World Briefing

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India's Labor Pains

For job seekers in India's booming tech sector, which is expected to hire up to 100,000 people this year, it's the best of times — and the worst of times. Hundreds of thousands of starry-eyed young software engineers are eager to work for as little as $4,500 a year. Yet there are not nearly enough experienced managers (who can pull in 10 times as much) to oversee the influx of raw recruits. At the same time, as multinationals like Accenture and IBM poach midlevel executives, some observers are worried that fast-rising wages could erode India's competitiveness — and price the country out of the outsourcing business, which has fueled most of the country's IT growth. --By Aravind Adiga/New Delhi

Global Phones

Verizon-loving road warriors can start packing a little lighter this fall. No need to take a second cell phone to stay connected in Europe — or, for that matter, a SIM card to plug into rented handsets — because in September Verizon Wireless began selling its first global phone, which can roam between CDMA networks (used in North America and parts of Asia and Latin America) and GSM networks (used everywhere else). Verizon is offering the Samsung a790 for $350 with a two-year contract, with international calling rates starting at $1.29 a minute in the most-developed countries. Samsung is using semiconductors from CDMA pioneer Qualcomm, which was the first to integrate the competing network technologies on one set of chips. Qualcomm has also licensed the dual chips to LG and Motorola, which plans to roll out its first global phone in the fourth quarter but has yet to announce a carrier.

Monaco Makeover

Who would have thought that Monaco, the crown jewel of the Cote d'Azur, needed polishing? Apparently the land of Monte Carlo and the Grimaldi royal family felt a makeover was in order. To capitalize on the popularity of cruises, the principality, which covers about 1 sq. mi., completed a $200 million 1,155-ft.-long breakwater earlier this summer, doubling the capacity of its harbor. Now large cruise ships can dock there. Three upscale hotels have also undergone renovations this year, a brand-new harbor-front hotel has opened, and by 2006 the tiny country will have 33% more rooms. Will the sought-after travelers fill them? Says spokeswoman Lisa Friedman: "Monaco's philosophy has been, If we build [them], they will come." --By Dody Tsiantar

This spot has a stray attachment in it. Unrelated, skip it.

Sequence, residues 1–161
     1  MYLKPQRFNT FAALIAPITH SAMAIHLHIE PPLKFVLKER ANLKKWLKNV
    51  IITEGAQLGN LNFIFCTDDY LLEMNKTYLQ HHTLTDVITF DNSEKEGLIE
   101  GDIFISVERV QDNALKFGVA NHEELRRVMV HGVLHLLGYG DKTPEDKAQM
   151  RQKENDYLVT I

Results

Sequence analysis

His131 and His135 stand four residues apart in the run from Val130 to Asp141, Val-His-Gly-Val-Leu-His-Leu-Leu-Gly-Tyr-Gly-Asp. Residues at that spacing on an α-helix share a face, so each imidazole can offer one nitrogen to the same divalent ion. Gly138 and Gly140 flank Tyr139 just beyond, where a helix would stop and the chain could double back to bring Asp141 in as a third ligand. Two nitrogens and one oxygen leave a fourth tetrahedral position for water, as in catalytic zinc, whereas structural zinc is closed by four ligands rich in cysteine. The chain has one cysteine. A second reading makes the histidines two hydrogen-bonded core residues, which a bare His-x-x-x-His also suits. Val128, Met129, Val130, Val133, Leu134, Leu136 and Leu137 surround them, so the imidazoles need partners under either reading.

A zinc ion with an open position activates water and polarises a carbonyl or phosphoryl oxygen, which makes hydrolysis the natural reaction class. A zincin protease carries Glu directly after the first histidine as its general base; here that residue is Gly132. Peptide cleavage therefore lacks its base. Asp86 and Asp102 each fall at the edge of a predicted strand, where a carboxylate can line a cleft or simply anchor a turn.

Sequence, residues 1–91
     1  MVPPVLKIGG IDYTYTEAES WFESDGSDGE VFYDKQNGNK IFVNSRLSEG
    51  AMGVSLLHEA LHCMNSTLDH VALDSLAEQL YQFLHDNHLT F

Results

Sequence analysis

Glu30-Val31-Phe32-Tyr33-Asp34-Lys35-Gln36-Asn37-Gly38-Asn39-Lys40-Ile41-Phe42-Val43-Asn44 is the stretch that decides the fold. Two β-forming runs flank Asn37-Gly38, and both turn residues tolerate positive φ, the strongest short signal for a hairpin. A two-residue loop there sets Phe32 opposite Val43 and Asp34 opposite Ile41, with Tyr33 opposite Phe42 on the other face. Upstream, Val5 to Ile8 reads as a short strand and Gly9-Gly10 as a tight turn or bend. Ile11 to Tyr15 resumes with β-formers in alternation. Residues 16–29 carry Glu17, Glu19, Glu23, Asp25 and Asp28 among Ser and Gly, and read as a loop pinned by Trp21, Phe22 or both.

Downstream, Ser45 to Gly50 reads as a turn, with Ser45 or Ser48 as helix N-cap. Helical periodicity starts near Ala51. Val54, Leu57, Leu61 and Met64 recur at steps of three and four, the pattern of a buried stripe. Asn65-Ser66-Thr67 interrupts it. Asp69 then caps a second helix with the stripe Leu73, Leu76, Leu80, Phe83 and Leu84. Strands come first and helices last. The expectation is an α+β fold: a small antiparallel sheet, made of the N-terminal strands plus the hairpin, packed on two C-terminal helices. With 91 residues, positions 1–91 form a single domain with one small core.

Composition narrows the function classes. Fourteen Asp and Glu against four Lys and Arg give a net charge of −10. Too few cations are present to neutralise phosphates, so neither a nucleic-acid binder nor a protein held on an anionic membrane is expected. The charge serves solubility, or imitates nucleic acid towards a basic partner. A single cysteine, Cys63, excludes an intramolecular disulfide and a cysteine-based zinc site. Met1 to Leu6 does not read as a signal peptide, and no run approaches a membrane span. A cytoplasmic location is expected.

Big Tobacco in China

Hog-tied by a shrinking U.S. market, the Marlboro Man is setting his sights on China. Altria Group's Philip Morris International will soon produce the world's best-selling cigarette in the world's largest tobacco market. China's more than 300 million smokers consumed 1.75 trillion cigarettes last year, but foreign sales accounted for only about 5% of these because of government restrictions. The venture with Fujian province's Longyan Cigarette Factory will make Marlboros widely available in China. But Big Tobacco's China dreams have gone up in smoke before. In 1986 R.J. Reynolds formed a $31 million joint venture to make Camels; 13 years later, the American partner bailed out by selling to Japan Tobacco. JT itself gave up on the venture when its contract expired this month, selling its stake to Chinese partners for a measly $18 million. The Marlboro Man will have to be faster on his feet if he wants to grab this bull by the horns. --By Neil Gough/Beijing

"If something is not done about China, it doesn't matter whether [Cambodia is] in the WTO or not." --Cass Johnson, president of the National Council of Textile Organizations, after Cambodia's Parliament ratified its accession to the WTO, with the expiration of global quotas on textiles and apparel scheduled for Jan. 1

Source: New York Times

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